Lauren and Ned are engaged, they are in love, and they have just ten days to find Lauren's mother who has gone AWOL somewhere in the remote far north of Australia, reunite her parents and pull off their dream wedding.
Generally everyone enjoyed the film. As a romantic comedy it was predictable but was entertaining. It was a family story, emphasising the importance of family, and living without regrets, rather than slapstick comedy. It was typically Australian in many ways, with the depiction of the indigenous community positive. Some of the characters were fun. Lauren’s father, upset about his wife’s absence, often retreats to the pantry with 1980’s music to cry. Ned’s dog was very cute. And the development of Lauren’s boss from “boss lady” to an important part of the extended family was well covered. The use of TIWI island songs was a bonus. And we enjoyed the quirky approach to the end where the screen displayed a warning that it was not the end, showed some still photos of the “wedding”, then confirmed the “real end”. Overall, an enjoyable although light film.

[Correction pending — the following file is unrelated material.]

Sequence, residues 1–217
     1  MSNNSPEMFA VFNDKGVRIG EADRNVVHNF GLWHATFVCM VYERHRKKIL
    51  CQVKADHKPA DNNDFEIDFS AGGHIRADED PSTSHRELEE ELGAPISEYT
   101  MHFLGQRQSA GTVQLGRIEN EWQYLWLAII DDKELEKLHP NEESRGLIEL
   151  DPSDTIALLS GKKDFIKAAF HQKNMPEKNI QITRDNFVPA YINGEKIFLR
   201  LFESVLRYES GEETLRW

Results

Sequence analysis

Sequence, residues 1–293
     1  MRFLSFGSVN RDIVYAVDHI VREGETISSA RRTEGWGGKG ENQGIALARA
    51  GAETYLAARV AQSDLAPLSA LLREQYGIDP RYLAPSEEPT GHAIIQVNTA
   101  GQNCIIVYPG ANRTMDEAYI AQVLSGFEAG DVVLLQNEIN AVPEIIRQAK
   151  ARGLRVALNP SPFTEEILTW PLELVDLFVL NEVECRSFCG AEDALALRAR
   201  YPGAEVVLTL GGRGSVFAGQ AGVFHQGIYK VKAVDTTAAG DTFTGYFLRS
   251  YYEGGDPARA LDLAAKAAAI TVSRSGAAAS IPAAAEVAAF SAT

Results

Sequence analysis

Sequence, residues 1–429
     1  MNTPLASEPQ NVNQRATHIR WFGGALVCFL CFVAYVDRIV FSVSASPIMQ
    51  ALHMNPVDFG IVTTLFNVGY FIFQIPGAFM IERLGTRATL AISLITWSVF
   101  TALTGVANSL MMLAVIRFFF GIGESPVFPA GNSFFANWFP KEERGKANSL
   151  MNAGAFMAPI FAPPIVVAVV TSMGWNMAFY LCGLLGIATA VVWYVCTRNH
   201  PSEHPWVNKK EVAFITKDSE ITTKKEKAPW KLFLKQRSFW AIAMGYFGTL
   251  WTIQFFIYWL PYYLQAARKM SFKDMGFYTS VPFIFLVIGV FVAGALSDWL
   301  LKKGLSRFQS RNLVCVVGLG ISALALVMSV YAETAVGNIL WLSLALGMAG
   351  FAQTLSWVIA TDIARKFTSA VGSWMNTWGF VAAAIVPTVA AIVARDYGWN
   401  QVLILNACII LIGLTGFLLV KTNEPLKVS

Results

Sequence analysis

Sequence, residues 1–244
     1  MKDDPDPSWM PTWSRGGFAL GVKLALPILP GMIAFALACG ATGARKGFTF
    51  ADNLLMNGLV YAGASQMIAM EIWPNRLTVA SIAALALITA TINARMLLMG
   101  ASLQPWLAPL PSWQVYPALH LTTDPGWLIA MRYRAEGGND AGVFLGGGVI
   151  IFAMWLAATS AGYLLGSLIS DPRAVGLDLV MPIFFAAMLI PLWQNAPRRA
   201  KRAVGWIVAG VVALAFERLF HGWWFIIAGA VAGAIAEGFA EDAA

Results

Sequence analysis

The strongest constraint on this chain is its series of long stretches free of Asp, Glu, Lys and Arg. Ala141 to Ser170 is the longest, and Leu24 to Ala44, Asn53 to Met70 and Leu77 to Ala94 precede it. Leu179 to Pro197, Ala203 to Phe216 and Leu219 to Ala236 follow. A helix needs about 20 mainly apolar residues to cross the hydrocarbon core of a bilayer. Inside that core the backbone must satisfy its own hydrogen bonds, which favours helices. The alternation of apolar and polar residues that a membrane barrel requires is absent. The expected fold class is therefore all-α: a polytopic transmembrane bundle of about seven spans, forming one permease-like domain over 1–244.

In comparing the film with other films, the group thought of “Crocodile Dundee”. The story is different but had a similar approach to the Australian humour. We rated it as 3-3.5 out of 5.
Our film for discussion at the 10 July class is a choice between “POMS” currently screening at BPACC OR “Men in Black: International” which screens from 4 July.